I don't mean to be too deterministic in my assessment. Atmospheres are composed of many agents, and people relate to spaces in different ways that are not a priori controllable when establishing an atmosphere. However, I think many of us could relate to the experience of getting “lost” in a dreamlike state while out shopping, moving on autopilot the way we sometimes unconsciously drive cars. Through this phenomenon, I think we can see that non-places operate as a type of sacred space for capitalism.

The religious nature of non-places might perhaps be linked to the feeling of continuity with the atmosphere brought about through (however brief) a disruption in the distinction between self and the external world.

The disruption of the distinction between self and the external world was a topic that fascinated French philosopher Georges Bataille. He placed this phenomenon within a dialectic between “discontinuity” (think “individuation) and “continuity.” Discontinuity is defined by Bataille as that which makes the individual distinct from the rest of the world—i.e., not in continuity with other beings, the ability to say, I am not identical to other things, but I am a unique being. In Bataille’s words,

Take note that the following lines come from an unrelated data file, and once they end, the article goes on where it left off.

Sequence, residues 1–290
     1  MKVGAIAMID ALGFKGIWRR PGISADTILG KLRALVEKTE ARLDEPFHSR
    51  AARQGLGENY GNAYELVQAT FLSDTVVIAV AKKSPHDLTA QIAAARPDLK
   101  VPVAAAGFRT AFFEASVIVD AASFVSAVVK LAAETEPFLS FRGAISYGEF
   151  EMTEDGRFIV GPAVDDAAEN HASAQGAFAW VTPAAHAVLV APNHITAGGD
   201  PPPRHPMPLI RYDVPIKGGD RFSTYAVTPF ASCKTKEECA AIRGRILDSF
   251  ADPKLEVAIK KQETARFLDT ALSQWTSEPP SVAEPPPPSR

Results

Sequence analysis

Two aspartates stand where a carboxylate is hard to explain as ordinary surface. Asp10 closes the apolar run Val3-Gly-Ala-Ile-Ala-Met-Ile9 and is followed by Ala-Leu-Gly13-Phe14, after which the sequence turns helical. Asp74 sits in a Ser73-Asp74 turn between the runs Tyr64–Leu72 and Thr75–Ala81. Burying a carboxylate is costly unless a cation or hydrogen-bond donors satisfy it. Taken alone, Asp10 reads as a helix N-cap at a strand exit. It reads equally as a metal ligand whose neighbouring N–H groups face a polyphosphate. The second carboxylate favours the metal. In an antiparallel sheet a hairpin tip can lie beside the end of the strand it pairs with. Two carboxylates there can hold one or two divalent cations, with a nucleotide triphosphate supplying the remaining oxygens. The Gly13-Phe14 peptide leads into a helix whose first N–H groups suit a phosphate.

“This gulf (of discontinuity) exists, for instance, between you, listening to me, and me, speaking to you. We are attempting to communicate, but no communication between us can abolish our fundamental difference. If you die, it is not my death. You and I are discontinuous beings” (emphasis original). 

By “continuity,” Bataille simply means the parts of the external world that are devoid of sentience or subjectivity, whereas discontinuity arises from subjectivity. For Bataille, the chief example of continuity is death, in which the individuation of the subject passes, and the physical body is transformed into a corpse—a continuity with the rest of existence, subjectless and subsumed without resistance into the external order of things. The continuity-discontinuity dialectic is what makes atmospheres (and non-places) so interesting: in some cases, an atmosphere can inextricably link self and non-self. In most cases, the link is not so extreme, but it is still enough to cause a sense of wonder because it calls one’s discontinuity into question.